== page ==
Opening a bank account in Hong Kong

Opening a bank account in Hong Kong is often a vital first step to establishing business presence. However, many investors believe it is more difficult to open an account in Hong Kong now as compared to before. This is mostly because financial regulations have been tightened in order to combat the designation of the city as a tax heaven.

Common issues faced by investors relate to producing required documents and conditions on maintaining fixed deposits. For many banks, it is common to impose a monthly charge for failing to maintain a balance above a certain minimum amount.

It is therefore important for foreign investors to understand the procedures and documents required. The internal practices of the bank may vary from one to another, but generally the following procedures can be expected:

  • Most banks will require an initial appointment, via phone, email, or physical visit;
  • Following this, a preliminary review is usually conducted by phone interview, electronic questionnaires, or physical meeting with directors, or by sending supporting documents to bank manager;
  • If the preliminary review is passed, both parties will meet to sign the relevant bank application forms and documents, as well as pay the initial deposit and application fee:
    • Deposit differs according to the bank and is subject to change from time to time.
    • Signatories also differ according to the bank and time. While some banks accept certified and true copy of shareholders’ ID, others require the director/shareholder/ beneficial owner/ nominee to be physically present. In most cases, banks require the same number of people present as that forms quorum in a board meeting according to the AA to satisfy their Know Your Customer procedure.
  • At this stage, the bank manager will send the application for the department review, which normally takes approximately one to two months. It is not uncommon for the review department to require further supporting documents before finally opening a new bank account on your behalf.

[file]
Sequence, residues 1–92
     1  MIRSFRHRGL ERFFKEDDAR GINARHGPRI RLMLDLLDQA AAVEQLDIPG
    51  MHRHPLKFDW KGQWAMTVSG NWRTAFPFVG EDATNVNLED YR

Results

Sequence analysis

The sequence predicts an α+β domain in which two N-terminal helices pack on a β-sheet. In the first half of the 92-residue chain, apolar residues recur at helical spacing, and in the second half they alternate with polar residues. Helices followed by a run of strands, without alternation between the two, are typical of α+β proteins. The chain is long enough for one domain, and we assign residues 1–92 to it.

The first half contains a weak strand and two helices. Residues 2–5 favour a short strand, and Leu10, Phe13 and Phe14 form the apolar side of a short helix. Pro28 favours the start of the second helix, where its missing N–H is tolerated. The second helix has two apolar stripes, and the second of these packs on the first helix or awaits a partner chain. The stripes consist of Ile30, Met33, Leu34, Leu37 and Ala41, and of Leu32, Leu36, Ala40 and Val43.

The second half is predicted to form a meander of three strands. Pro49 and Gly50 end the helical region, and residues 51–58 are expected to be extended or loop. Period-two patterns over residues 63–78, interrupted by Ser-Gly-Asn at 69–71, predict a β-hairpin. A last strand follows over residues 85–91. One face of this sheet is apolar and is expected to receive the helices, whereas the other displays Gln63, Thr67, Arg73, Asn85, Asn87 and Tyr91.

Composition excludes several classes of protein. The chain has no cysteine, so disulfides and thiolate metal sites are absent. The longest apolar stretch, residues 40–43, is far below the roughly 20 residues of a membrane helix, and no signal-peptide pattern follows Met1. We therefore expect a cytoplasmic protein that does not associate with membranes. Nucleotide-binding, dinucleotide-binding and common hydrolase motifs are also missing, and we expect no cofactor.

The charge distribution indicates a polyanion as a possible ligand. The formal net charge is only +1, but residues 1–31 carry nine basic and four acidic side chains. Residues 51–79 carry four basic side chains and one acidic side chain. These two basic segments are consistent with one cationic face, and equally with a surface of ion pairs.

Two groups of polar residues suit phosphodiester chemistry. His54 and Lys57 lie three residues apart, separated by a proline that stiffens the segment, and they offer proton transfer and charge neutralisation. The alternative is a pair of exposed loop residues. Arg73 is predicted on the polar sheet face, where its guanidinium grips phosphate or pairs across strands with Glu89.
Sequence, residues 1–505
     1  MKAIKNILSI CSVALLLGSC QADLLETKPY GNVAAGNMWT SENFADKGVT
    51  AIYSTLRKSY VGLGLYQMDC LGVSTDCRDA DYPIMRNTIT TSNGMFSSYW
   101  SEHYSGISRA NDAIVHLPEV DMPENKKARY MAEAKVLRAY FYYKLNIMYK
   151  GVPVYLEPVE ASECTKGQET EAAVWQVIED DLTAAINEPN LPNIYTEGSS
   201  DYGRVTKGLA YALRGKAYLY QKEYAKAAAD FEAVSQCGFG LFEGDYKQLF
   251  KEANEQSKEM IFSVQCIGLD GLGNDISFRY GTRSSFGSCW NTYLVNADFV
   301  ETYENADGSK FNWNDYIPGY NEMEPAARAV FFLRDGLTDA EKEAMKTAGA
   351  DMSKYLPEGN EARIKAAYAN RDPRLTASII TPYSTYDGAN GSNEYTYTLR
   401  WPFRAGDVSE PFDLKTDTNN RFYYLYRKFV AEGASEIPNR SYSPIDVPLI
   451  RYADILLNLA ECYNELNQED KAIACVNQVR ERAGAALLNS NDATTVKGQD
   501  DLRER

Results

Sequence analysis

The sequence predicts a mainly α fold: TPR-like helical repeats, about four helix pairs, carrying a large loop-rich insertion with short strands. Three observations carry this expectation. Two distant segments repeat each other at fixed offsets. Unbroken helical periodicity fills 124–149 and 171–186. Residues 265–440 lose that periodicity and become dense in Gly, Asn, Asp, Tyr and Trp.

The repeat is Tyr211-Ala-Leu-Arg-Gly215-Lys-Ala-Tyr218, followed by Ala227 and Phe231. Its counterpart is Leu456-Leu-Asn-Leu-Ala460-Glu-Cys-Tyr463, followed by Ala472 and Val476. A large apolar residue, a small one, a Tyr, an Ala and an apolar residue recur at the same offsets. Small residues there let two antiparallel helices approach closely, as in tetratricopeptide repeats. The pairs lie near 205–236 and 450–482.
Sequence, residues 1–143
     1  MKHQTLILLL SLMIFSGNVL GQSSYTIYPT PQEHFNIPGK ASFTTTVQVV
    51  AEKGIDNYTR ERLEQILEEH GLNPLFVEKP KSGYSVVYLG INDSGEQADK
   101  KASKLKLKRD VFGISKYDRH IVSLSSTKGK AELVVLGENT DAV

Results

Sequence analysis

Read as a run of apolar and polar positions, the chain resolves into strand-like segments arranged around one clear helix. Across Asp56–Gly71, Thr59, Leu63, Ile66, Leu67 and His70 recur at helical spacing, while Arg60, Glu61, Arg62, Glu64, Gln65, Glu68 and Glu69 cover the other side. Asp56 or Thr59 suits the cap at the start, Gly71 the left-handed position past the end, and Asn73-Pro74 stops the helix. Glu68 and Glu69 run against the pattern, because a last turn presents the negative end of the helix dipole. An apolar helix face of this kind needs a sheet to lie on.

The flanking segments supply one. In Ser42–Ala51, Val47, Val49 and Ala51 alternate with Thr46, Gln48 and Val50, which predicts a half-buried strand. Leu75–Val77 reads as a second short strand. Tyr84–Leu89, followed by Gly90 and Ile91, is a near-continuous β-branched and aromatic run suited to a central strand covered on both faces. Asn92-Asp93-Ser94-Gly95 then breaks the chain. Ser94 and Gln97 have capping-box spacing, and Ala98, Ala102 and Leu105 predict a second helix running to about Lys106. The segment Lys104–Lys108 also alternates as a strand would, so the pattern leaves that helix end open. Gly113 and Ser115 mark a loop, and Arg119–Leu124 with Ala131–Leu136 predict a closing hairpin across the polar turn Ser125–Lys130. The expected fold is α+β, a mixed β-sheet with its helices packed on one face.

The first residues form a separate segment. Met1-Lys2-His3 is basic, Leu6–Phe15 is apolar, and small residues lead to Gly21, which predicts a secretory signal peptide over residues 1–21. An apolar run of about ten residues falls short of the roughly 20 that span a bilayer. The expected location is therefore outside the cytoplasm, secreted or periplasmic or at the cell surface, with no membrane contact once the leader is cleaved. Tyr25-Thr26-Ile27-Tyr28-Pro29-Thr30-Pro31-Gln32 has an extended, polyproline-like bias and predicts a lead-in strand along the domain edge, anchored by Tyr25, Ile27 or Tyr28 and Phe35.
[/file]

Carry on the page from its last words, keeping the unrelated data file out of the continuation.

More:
Generally, the following documents are required during the application:

  • Company documents: Business Registration Certificate, Certificate of Incorporation, AA, and NNC1 form.
  • Proof of business: Documents required varies from bank to bank, but generally include evidence of the nature of the business, experience in the industry etc. For example, issued/ received invoices, business plan description, agreement with suppliers, bank reference letter, and website.
  • Personal documents: Passport and residency proof (for example, utility bill, electricity bill, or bank statement which are issued within three months and include the holder’s address and name).

A shell company is understood to be a corporation that does not conduct business activities itself, but channels funds for group companies. To open a bank account for a shell company, the identity documents of the beneficial owners is required as well.

[tips title="Important Tip"]When a company is marked as a ‘shell company’, it will be subject to a higher level of scrutiny.[/tips]

Once the bank account has been approved, the investor will receive the bank account number, bank cards, and access codes.

Virtual banks and money service operators

In addition to traditional banks, another emerging option is using virtual banks, which have no physical branches and focus on digital services. This concept is still very new to Hong Kong and for now, the HKMA only granted eight licenses for virtual banking.

These banks are a good alternative for tech-savvy people and remote operations. However, it should be noted that some banks are not yet offering corporate bank accounts.

Advantages of virtual banks include better rates and lower fees, integrations with enterprise software, a high set up convenience, and a heavy focus on small- and medium-sized enterprises (SMEs). Disadvantages include less personal relationship development, lack of ATM network, deposit inflexibility, and unavailability of specific services.

Another digital banking solution are money service operators. They usually offer services, such as dedicated payment instructions, the ability to receive money via domestic or international bank transfers, and linking to third party services or currency exchange.